The agreement comes just six weeks after Tesla CEO Elon Musk tweeted that he was considering taking Tesla private at $420 a share and had secured the proper funding to make the leap. Musk suggested that Saudi’s wealth fund, which already owns almost 5 percent of Tesla stock, was interested in backing the company’s move from public to private.
Tesla’s board and Musk have since quashed those plans to go private.
The investment came at a crucial moment for Lucid Motors, which has struggled recently to raise the funds needed to produce its luxury EV, the Lucid Air. The funding will be used to complete engineering development and testing of the Lucid Air, construct its factory in Casa Grande, Arizona, begin the global rollout of its retail strategy starting in North America and enter production, the company said.
Lucid Motors was founded 10 years ago with a different name and mission. The company, called Atieva at the time, was focused on developing electric car battery technology. It then shifted to producing electric cars and changed its name in 2016.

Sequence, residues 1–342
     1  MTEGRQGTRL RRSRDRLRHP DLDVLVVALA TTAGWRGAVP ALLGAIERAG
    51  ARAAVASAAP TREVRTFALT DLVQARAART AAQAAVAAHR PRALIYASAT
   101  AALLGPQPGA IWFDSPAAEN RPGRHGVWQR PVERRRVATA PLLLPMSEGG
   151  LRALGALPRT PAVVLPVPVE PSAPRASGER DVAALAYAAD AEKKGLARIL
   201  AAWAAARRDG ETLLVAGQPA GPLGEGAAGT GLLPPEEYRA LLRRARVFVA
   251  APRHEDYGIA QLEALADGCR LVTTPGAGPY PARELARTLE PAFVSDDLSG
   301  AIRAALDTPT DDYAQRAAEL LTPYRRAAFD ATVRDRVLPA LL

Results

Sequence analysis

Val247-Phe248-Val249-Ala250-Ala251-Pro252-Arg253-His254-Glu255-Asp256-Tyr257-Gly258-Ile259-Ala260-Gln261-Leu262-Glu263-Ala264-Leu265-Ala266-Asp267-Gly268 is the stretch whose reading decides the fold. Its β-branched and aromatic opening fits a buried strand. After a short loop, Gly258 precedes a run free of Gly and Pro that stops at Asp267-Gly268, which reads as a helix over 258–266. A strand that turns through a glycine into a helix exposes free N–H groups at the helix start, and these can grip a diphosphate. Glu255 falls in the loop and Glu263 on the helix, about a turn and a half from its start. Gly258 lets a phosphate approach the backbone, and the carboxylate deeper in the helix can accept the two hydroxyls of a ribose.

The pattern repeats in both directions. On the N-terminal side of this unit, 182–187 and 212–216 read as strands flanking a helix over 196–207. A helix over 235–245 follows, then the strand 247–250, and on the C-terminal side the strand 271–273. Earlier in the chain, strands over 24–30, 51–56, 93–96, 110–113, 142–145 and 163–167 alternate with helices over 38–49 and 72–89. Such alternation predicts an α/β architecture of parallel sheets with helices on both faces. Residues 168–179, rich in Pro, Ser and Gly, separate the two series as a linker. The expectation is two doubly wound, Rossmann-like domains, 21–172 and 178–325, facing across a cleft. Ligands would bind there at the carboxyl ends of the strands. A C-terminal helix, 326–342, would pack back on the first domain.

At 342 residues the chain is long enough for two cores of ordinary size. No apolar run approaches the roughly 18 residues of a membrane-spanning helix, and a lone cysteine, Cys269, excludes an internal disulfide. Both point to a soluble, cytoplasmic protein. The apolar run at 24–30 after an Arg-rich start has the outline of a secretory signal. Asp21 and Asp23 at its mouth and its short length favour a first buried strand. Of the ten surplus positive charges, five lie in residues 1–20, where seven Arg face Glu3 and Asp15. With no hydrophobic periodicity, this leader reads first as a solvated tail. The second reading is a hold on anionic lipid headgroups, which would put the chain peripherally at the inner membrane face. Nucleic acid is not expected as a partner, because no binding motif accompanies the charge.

The company seemed to have momentum at the time. Lucid Motors had successfully raised money, unveiled the Air, announced plans to build a $700 million factory in Arizona, signed a deal with Samsung SDI to supply it with lithium-ion batteries and moved into spacious new digs. But building a factory is expensive, and the company fell silent for nearly a year as it sought funding to produce the Air.
It’s also a notable investment for the Saudi kingdom, which under its Vision 2030 plan is seeking to diversify its economy away from fossil fuels. In the past year, the Saudi Public Investment Fund has invested in renewable energy, established and developed recycling companies and energy efficiency services, the kingdom noted in a release.